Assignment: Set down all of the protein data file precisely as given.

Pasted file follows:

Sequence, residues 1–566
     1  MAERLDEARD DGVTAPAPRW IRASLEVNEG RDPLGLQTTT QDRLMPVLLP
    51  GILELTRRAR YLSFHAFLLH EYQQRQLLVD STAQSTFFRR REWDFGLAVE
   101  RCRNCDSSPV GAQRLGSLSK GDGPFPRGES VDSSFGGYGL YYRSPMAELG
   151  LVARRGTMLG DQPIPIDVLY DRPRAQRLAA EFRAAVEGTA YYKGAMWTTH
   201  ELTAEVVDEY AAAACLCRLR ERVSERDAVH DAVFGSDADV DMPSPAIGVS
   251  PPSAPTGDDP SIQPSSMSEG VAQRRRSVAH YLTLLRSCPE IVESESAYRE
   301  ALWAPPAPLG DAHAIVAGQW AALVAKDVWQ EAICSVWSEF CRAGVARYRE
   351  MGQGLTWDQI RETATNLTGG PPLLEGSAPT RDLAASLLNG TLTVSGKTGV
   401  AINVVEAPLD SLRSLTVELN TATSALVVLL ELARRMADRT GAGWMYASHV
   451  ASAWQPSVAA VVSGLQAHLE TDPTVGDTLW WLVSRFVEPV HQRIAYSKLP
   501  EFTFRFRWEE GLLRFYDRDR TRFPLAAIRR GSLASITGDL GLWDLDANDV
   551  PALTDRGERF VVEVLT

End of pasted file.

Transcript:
Sequence, residues 1–566
     1  MAERLDEARD DGVTAPAPRW IRASLEVNEG RDPLGLQTTT QDRLMPVLLP
    51  GILELTRRAR YLSFHAFLLH EYQQRQLLVD STAQSTFFRR REWDFGLAVE
   101  RCRNCDSSPV GAQRLGSLSK GDGPFPRGES VDSSFGGYGL YYRSPMAELG
   151  LVARRGTMLG DQPIPIDVLY DRPRAQRLAA EFRAAVEGTA YYKGAMWTTH
   201  ELTAEVVDEY AAAACLCRLR ERVSERDAVH DAVFGSDADV DMPSPAIGVS
   251  PPSAPTGDDP SIQPSSMSEG VAQRRRSVAH YLTLLRSCPE IVESESAYRE
   301  ALWAPPAPLG DAHAIVAGQW AALVAKDVWQ EAICSVWSEF CRAGVARYRE
   351  MGQGLTWDQI RETATNLTGG PPLLEGSAPT RDLAASLLNG TLTVSGKTGV
   401  AINVVEAPLD SLRSLTVELN TATSALVVLL ELARRMADRT GAGWMYASHV
   451  ASAWQPSVAA VVSGLQAHLE TDPTVGDTLW WLVSRFVEPV HQRIAYSKLP
   501  EFTFRFRWEE GLLRFYDRDR TRFPLAAIRR GSLASITGDL GLWDLDANDV
   551  PALTDRGERF VVEVLT